Wednesday, June 2, 2010


On my ride home from work yesterday, I took a detour through Mariner's Museum Park. I stopped at one of my favorite, secluded spots in the park and sat on a picnic table to spend a little quiet time. No sooner did I sit down, when I noticed some 50 yards away, in the middle of a field, a drop dead gorgeous blonde, sitting on the ground. The operative word here is "blonde", which should come as no surprise to regular readers of this blog.

This young lady was busy working on a 2 foot diameter cylindrical object, shaped out of what appeared to be sticks. She was weaving something in and out, up and down, around and about this coarse, wooden frame.

I sat down for at least 40 minutes and not once did this young lady take a break from her task. She steadfastly bent over her creation, steadily weaving.

As I rode away, I steered in her direction and stopping nearby, inquired, "hello, I don't mean to intrude, but I was just curious, what are you sitting in the middle of this field making?"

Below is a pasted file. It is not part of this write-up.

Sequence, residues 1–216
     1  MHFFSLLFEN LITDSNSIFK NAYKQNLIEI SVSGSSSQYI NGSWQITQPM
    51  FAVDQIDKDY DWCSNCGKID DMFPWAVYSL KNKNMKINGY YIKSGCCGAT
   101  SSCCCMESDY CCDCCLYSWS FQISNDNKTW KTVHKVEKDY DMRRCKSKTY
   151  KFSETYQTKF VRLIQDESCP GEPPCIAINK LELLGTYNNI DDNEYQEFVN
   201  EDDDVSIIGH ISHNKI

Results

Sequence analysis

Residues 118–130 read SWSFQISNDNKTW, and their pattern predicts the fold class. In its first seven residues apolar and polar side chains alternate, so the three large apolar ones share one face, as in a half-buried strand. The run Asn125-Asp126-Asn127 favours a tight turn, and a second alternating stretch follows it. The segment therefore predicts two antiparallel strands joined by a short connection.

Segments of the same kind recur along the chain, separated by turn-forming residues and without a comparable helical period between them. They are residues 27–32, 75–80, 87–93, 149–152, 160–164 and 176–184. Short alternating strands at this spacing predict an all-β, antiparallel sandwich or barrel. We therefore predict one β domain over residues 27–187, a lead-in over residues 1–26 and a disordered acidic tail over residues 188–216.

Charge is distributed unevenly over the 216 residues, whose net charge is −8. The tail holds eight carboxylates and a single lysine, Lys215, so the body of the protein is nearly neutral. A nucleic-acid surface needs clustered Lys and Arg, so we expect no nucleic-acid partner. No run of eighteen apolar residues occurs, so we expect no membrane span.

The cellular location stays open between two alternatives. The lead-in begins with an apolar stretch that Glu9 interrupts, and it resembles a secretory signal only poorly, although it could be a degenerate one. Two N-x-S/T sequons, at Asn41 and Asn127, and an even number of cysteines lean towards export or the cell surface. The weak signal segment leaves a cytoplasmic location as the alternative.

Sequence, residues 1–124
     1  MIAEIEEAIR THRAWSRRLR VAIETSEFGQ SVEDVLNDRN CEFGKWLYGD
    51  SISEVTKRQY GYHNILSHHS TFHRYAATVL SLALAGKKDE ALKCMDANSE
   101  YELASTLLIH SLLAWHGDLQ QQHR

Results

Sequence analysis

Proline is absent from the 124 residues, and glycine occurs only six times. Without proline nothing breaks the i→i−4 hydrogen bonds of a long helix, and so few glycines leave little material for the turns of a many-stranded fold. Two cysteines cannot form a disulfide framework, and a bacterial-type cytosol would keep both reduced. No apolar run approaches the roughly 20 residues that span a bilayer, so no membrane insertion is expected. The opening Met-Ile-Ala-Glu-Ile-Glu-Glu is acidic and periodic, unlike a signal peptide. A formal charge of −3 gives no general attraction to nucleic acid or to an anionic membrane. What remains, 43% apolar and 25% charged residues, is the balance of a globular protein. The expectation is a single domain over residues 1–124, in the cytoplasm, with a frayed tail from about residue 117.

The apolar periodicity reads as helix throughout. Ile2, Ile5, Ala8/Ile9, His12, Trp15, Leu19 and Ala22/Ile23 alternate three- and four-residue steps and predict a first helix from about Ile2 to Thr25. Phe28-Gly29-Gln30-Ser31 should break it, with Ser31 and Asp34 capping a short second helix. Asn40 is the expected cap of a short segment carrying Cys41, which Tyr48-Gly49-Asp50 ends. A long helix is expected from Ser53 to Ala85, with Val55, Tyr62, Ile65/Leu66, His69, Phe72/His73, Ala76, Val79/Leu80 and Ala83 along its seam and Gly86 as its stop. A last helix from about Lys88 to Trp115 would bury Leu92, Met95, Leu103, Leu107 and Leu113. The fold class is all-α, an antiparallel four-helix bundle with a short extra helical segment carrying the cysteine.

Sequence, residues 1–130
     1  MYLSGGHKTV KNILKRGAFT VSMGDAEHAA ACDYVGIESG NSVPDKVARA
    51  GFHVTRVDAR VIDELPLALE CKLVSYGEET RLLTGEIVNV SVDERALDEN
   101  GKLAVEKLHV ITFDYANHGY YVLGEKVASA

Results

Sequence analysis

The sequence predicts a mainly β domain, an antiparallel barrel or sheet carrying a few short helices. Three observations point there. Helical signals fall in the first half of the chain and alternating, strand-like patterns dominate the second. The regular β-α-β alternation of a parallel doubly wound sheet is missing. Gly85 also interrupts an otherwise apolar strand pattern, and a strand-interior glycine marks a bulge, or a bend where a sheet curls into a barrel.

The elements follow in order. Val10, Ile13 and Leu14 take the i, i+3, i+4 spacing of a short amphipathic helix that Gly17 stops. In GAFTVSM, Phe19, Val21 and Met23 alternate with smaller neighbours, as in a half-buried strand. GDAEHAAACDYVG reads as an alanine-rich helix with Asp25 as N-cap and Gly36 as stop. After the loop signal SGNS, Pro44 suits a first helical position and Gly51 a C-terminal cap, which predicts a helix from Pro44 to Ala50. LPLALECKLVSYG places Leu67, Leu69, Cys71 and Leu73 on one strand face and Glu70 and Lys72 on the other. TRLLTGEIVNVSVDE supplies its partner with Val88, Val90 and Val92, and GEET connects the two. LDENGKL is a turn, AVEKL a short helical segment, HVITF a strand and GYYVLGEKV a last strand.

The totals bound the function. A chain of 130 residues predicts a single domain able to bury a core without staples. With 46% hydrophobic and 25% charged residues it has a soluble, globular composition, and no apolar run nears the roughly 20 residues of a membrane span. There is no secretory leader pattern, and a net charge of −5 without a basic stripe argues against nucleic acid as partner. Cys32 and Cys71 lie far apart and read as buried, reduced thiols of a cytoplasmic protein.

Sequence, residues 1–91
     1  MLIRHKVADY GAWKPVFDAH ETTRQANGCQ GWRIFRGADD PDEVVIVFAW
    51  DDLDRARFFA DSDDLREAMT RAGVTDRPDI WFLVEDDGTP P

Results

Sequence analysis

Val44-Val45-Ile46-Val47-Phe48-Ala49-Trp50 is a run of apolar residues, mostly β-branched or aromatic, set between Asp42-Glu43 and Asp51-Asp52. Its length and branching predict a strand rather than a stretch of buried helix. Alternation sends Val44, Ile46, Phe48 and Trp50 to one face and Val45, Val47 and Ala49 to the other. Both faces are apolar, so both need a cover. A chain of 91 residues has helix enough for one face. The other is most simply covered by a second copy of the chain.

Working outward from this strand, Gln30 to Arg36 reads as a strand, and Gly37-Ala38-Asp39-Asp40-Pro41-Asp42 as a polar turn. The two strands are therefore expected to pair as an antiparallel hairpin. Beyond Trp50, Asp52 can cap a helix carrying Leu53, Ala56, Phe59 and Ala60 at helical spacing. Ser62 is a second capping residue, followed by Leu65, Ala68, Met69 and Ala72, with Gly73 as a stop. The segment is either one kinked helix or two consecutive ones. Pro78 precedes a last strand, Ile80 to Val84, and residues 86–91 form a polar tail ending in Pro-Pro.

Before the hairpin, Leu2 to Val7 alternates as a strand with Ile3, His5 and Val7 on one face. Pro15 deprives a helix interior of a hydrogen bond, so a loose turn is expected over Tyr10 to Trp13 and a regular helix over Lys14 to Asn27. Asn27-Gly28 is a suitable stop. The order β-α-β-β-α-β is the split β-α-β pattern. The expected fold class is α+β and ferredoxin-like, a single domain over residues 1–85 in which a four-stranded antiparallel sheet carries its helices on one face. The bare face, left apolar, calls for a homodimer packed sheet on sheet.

She flashes me a beautiful, captivating smile and says, "Oh - it's a dreamcatcher, I've always heard about single plane ones, I thought it would be neat to make one with triple planes."

A "dreamcatcher", a traditional, American Indian ornament which, according to legend, is supposed to snare bad dreams in its web and only allow pleasant ones to pass through.

For those of you who traverse back and forth to work in your internally combustion powered, sheet metal cages, I have a simple question for you. "When was the last time, on your drive home, you happened upon a young, drop dead gorgeous blonde busily weaving a 3 plane dreamcatcher?" As you fumble for an affirmative response, one that will never come, I present to you yet another advantage of bike commuting.

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